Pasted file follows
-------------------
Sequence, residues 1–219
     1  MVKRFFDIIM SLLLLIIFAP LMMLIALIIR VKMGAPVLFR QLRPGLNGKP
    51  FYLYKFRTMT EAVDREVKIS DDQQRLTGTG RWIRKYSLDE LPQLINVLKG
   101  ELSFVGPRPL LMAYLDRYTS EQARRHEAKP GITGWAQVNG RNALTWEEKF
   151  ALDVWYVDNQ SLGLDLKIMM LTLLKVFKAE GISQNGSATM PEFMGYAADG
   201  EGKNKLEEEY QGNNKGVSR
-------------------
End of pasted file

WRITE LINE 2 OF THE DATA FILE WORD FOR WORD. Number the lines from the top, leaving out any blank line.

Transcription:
     1  MVKRFFDIIM SLLLLIIFAP LMMLIALIIR VKMGAPVLFR QLRPGLNGKP